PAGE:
#54

God that place is fantastic. When my son gets a little older I might make the trip out there to see the balloon festival, but mostly it’s just an excuse to buy a plane ticket to Frontier.


#55

I live in San Antonio, Texas and there is a lot of Tex-Mex food that can be eaten in San Antonio. There are taco places aplenty, and there and definitely many restaurants that have enchiladas, quesadillas, and tacos where I live. There is a specific tourist trap restaurant that has okay but overpriced food but has a wonderful bakery with all sorts of wonderful Mexican desserts and assorted baked goods. You got Empanadas, sweet treats that can be filled with different things. Pan de Huevo is another fine baked good that is a sweet bread that is more eggy and thus has a heavier texture.

I would be remiss if I didn’t include Pan de Muerto, a bread made usually for Day of the Dead, or Dia de Los Muertos in Spanish. Also, delicious tamales!


#56

It’s a small widespread country so we don’t have much locally specific dishes in Norway, but a national favourite of mine must be meat cakes with potatoes (mashed or whole) and savoury brown sauce. (I don’t like cooked carrots but it was one of the few appetising pictures I could find)
Pairs nicely with some Lingonberry jam and/or pickled beetroot.

Don’t believe people who say a traditional dish is cooked sheep head, that’s gross as hell and I don’t know anyone who’s had it. I do not approve.


#57

Here in Detroit we enjoy light, rather healthy cuisine, and I can think of no two dishes that represent our ethos better than:

The Coney Dog:

A steamed, natural casing hot dog topped with yellow mustard, raw onion, and a thick, cumin-laden meat sauce that makes anything taste better. Obviously, the expected side dish to such a delicacy would be an order of fries topped with that same brown meat sauce.

The Detroit-Style Pizza

A thick, rectangular pizza known for its crisp, caramelized crust and opulent amounts of cheese. Fun fact: its unique shape came about from it originally being made inside metal parts trays used in automotive factories.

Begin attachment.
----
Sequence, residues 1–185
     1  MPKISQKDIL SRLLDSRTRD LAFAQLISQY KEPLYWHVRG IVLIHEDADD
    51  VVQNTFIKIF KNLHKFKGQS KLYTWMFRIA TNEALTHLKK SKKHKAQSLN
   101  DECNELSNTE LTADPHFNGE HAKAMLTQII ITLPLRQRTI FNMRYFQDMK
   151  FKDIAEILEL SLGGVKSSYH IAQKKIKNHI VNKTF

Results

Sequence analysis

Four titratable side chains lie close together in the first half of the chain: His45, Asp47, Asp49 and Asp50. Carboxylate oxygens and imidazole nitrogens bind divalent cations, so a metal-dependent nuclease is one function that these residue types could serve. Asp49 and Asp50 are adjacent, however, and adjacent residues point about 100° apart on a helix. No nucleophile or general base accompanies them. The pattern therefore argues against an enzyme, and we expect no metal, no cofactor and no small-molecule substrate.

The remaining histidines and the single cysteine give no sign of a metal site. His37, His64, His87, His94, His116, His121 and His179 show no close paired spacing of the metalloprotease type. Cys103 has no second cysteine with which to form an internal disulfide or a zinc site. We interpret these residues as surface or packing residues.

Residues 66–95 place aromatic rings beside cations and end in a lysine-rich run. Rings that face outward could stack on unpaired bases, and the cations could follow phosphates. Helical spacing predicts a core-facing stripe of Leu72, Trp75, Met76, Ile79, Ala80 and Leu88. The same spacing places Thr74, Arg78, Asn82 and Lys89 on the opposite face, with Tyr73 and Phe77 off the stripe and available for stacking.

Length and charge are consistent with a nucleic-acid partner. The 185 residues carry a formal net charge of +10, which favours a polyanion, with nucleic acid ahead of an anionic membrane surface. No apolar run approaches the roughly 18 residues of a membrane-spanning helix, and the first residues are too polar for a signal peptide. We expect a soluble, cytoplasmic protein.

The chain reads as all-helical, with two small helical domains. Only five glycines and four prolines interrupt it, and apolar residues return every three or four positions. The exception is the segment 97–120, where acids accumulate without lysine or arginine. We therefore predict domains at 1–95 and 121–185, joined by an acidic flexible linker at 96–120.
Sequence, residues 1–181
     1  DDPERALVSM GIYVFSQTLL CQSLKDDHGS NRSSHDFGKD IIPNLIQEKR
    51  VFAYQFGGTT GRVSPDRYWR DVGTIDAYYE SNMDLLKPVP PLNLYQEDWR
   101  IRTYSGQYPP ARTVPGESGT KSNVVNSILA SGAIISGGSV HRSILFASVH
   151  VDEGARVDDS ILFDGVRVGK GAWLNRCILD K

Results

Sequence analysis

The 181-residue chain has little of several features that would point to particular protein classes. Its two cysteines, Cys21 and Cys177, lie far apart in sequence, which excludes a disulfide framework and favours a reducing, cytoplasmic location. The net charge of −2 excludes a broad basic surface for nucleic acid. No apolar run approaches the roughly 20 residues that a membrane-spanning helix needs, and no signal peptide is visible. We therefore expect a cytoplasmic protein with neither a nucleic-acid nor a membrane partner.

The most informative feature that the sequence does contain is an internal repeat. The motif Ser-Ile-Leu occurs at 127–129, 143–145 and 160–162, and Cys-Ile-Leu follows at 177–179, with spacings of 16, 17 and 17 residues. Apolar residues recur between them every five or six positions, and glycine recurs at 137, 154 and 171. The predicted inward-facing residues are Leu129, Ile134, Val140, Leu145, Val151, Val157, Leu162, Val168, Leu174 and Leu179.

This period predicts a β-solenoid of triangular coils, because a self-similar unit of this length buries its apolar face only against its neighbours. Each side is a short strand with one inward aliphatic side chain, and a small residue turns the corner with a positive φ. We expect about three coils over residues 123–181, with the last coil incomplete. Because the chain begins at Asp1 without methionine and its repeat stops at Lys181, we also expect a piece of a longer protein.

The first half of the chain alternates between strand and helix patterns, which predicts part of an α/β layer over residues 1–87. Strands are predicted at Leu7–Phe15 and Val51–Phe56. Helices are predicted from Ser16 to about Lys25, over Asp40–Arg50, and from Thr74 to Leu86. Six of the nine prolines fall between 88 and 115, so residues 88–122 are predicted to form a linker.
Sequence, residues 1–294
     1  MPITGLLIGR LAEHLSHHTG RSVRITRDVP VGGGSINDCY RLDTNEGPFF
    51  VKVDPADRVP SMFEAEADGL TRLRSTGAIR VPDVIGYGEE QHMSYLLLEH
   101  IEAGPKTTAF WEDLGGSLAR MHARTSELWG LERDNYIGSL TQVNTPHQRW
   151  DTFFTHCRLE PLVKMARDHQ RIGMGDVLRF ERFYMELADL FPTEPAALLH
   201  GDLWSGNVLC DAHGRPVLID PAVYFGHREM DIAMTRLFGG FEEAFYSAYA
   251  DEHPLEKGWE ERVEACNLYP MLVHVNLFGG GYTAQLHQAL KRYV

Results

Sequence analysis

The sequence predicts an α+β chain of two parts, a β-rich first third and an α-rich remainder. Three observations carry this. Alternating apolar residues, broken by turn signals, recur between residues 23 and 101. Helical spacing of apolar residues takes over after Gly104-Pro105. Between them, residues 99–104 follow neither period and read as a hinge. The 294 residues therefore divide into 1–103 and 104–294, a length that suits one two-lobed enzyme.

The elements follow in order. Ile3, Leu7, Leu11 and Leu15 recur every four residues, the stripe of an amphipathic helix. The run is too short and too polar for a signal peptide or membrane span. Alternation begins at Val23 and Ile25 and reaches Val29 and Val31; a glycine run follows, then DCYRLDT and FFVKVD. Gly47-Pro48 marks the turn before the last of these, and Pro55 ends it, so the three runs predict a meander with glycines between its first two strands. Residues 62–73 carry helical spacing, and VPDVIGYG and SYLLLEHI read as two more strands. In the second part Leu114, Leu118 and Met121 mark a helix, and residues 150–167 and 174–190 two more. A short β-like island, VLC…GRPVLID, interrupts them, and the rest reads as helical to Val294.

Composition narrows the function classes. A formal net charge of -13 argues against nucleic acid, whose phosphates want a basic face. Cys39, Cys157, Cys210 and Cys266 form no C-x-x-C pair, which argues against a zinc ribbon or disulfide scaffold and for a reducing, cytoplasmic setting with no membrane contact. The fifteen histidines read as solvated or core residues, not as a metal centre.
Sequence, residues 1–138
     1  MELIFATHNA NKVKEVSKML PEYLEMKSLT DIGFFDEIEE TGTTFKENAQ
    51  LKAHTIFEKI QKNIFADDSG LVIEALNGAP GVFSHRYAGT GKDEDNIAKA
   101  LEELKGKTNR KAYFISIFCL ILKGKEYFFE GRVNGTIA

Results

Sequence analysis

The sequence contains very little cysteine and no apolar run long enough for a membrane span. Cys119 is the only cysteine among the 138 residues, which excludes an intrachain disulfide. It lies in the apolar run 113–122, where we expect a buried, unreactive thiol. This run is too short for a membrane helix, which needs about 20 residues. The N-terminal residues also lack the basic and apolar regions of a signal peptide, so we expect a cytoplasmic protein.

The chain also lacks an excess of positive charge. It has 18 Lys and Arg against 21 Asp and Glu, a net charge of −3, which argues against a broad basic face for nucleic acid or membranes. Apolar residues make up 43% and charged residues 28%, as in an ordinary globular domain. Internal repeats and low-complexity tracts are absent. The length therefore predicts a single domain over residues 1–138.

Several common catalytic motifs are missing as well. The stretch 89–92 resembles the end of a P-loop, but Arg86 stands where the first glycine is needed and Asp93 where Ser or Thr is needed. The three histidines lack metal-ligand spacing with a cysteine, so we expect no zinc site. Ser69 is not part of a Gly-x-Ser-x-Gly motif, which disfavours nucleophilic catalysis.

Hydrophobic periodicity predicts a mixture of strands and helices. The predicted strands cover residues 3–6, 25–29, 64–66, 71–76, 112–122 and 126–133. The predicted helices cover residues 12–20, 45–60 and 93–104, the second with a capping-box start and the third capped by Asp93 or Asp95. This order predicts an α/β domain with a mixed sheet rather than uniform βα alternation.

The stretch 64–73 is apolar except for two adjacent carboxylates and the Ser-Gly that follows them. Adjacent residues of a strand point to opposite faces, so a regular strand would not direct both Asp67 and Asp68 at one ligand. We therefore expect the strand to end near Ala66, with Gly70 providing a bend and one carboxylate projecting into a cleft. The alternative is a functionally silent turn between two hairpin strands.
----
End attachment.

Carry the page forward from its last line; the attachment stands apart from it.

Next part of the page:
Outside of these – which I’d refer to as “Detroit” foods – the city’s culinary identity is actually moreso defined by which neighborhood you happen to be in. The area is filled with myriad ethnic enclaves, and so within ten minutes you could find yourself being treated to great Middle Eastern, Mexican, South Asian, Salvadoran, Vietnamese, or Polish food depending on which direction you head from the city center.


#58

What are the meat cakes made of? Are they like meatballs? It’s interesting that this looks so much like an American pot roast (meat, carrots, potatoes in sauce) with the addition of the jam. I don’t know what pot roast’s cultural heritage is in the US because it’s so widespread now, but it’s easy to imagine some connections.


#59

They’re a little different than meatballs, for one they’re bigger and made with a mix of ground beef, pork and veal, where I believe Swedish meatballs typically just use beef. I vastly prefer ours.

After some googling they might have originated in Germany and are found around Scandinavia, because I guess we have nothing original in our country, but I recognise it as a national dish along with Lapskaus (meat, potato and veggie stew - also apparently German in origin).

Both super good, Lapskaus looks much less appetising in certain forms.


#60

Sorry, but I call them matzo balls. Jewish American here. We don’t speak Yiddish or German here! I really dislike gefilte fish, but matzo ball soup is one of my comfort foods.

I will say, showing them outside of soup makes them look far less appetizing than they are, in my opinion

image